Whenever I write about life at Herbert W. Armstrong College, some readers say, I wish I had that opportunity. I often share this with our students to help them better appreciate the opportunity God has given them and to encourage them to make the most of it.
Malcolm Gladwell has a lot to say about opportunities in his popular book Outliers. In it, he acknowledges the critical difference hard work makes. The closer psychologists look at the lives of successful individuals, he writes, “the smaller the role innate talent seems to play and the bigger the role preparation seems to play.” According to Gladwell, experts are who they are because they abide by the 10,000-hour rule: They achieve mastery in their field only after about 10,000 hours of practice over about 10 years.
Our students are in training to become experts in the field of balanced living through a Bible-based liberal arts curriculum, a hands-on work-study program, numerous fine arts engagements, formal events, opportunities for travel, intramural sports activities, active and wholesome dating and an uplifting family atmosphere, including regular fellowship with faculty members.
The training AC students receive here over eight semesters adds up to over 9,000 hours: 4,500 hours on the job; 1,800 hours in the classroom; at least half again that amount in study; 1,200 hours for forums, Bible studies and church services; and maybe 800 hours more for the numerous intramural activities. This doesn’t even count the most important regular activity: each student’s personal relationship with God. We encourage students to set aside one hour per day for earnest, heartrending prayers to their Creator, following the examples of many great men of the Bible. Four years of doing so would amount to 1,300 hours of contact with God! We also encourage 30 minutes per day for personal Bible study in addition to their classroom instruction; one hour is optimal.
It all amounts to well over 10,000 hours. Granted, those hours are not invested in one highly specialized field of expertise. They cover many fields and endeavors, most of which involve God and His Family, and all with a view toward ultimately sharing God’s way of life with all of mankind. God’s inspired Word shows that His plan for mankind is to reproduce His character in us (Genesis 1:26). That is why AC is a character-building institution.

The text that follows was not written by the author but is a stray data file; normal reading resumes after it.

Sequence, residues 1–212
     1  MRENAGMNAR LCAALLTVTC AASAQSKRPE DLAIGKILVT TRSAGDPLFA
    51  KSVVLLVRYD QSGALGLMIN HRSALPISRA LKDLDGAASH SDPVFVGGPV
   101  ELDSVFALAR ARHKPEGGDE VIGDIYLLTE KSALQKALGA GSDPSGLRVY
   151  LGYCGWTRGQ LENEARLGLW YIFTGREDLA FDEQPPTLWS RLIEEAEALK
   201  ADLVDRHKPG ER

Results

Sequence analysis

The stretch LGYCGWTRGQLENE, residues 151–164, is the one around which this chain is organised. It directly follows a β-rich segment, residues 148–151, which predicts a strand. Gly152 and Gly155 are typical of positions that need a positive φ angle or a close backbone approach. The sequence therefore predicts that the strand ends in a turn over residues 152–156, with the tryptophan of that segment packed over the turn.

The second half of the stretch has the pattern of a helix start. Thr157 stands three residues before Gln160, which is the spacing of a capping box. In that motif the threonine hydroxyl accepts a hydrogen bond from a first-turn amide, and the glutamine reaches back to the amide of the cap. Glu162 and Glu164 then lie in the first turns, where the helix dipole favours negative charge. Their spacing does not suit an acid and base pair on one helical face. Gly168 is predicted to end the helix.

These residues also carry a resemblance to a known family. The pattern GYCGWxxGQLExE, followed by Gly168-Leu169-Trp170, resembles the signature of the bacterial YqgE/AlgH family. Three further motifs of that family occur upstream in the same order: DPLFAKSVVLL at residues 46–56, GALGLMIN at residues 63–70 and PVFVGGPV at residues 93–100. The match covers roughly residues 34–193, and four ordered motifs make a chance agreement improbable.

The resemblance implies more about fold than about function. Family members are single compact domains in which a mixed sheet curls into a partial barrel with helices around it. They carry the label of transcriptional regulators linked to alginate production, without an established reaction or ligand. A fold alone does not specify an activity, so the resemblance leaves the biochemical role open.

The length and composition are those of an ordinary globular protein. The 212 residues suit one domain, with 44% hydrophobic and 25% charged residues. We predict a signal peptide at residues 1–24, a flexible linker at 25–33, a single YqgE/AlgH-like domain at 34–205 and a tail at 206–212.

I can see why some readers might wish they had the opportunity to attend AC when they were younger. But the truth is, God’s way of living brings successful abundance wherever you might be in life—but only if you are willing to work really hard at it. That’s what distinguishes top performers from the middle of the pack, Gladwell points out. “[P]eople at the very top don’t work just harder or even much harder than everyone else,” he writes. “They work much, much harder.”
Our college’s namesake, Herbert W. Armstrong, learned more than 60 years ago that true success is not reserved for those with superior ability, but for individuals—any individuals—willing to abide by the definite set of laws God set in motion that will guarantee successful results. He outlined these laws in his most popular booklet, The Seven Laws of Success—requested by more than 3 million people during the 20th century. I re-read the booklet again after reading Gladwell’s Outliers and found it to be right up to date—packed with wise instruction that leads readers along a path toward success!